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Anticipation Builds for Harvest 2023: A Promising Outlook Amidst Nature's Twists

As we eagerly approach another harvest season, we find ourselves immersed in the intricacies of data collection, painting a picture of what the upcoming harvest of 2023 might bring us.

The vineyard team were sent out to count bunches and get an average yield forecast. The results were interesting to say the least! We’re hopeful, optimistic but cautious in saying this harvest could be one to remember.

To begin, let's consider last year's weather and yield and how they might impact this year's harvest. Favourable weather conditions during the key phenological stages, flowering and inflorescence, in 2022 had provided a strong foundation for a potentially large yield in 2023. Additionally, last year’s smaller harvest means our vines have extra energy to produce a greater yield this year.


Having done well to avoid spring frost and experiencing excellent weather through May and June, the stage was set for a successful budburst, flowering, inflorescence, and fruit set.


A strong fruitset this year provided a sound foundation for a greater yield.


By the end of June, an air of excitement blew through the English wine industry. With a higher crop load compared to last year, it seemed as though we were set for a harvest similar to the fabled 2018 and the media was predicting a “Bumper Year”. Yet, like a subtle twist in a timeless narrative, July unveiled its own script, where rain weaved a new refrain. The rhythm of ripening slowed, the vines seeming to pause, and the result had left our vines trailing approximately two weeks behind their anticipated schedule.

Despite these challenges, our vineyard team's dedicated efforts have effectively maintained the health and resilience of our crop by proactively mitigating potential disease risks. As we look forward to some sunshine in the build-up to harvest in early October, we've taken time to optimise our vineyard's conditions to ripen this larger crop as much as possible.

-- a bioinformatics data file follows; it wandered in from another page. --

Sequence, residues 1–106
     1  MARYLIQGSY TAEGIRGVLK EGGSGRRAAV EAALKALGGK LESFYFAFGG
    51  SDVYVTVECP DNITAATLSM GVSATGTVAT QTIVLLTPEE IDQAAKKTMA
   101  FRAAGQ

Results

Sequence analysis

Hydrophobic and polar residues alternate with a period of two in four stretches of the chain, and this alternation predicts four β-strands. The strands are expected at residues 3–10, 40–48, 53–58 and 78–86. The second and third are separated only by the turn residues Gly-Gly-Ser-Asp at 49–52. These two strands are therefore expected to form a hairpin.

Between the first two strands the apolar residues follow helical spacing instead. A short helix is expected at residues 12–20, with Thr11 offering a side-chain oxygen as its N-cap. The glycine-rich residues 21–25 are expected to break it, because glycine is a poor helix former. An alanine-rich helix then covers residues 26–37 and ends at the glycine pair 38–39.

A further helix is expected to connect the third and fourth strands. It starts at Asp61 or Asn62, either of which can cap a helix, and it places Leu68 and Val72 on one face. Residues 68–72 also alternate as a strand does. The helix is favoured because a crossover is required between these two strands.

Messy job! By cutting (trimming) the top of the canopy, we encourage the vine to put more energy into producing new fresh lateral shoots and leaves.


As part of our preparations, we've leaf stripped around the fruiting zone to ensure the grapes have direct exposure to essential UV rays. This speeds up the ripening process, helps to evaporate excess moisture, and increases the airflow within the canopy, further helping to reduce any possibility of disease. We followed this with trimming the top of the canopy. This not only makes the vineyard look neat and tidy but also encourages the onset of lateral shoots.


Leaf stripping and trimming both remove older and tired leaves, whilst the newly forming lateral shoots bear fresh leaves, all of which increases the overall photosynthetic efficiency of the canopy – crucial for ripening towards the end of the growing season!


Newly formed lateral shoots prove essential for late season ripening.


Currently, we're looking at a potentially larger harvest, albeit one with the hallmark of youthful ripeness, which bodes well for crafting sparkling wines. We should also note, however, that vines are readily robust and have an impressive ability to catch up on their schedule given the right conditions.


So, the recent sunshine and warmth over the past couple of weeks has done some good in getting things back on track, although these final moments in the build-up to harvest will prove crucial.


However, this is England so we are sure there will be a few more twists between now and harvest - as always, it’s a white knuckle roller coaster ride until the last grape is picked and safely pressed and in the tanks!



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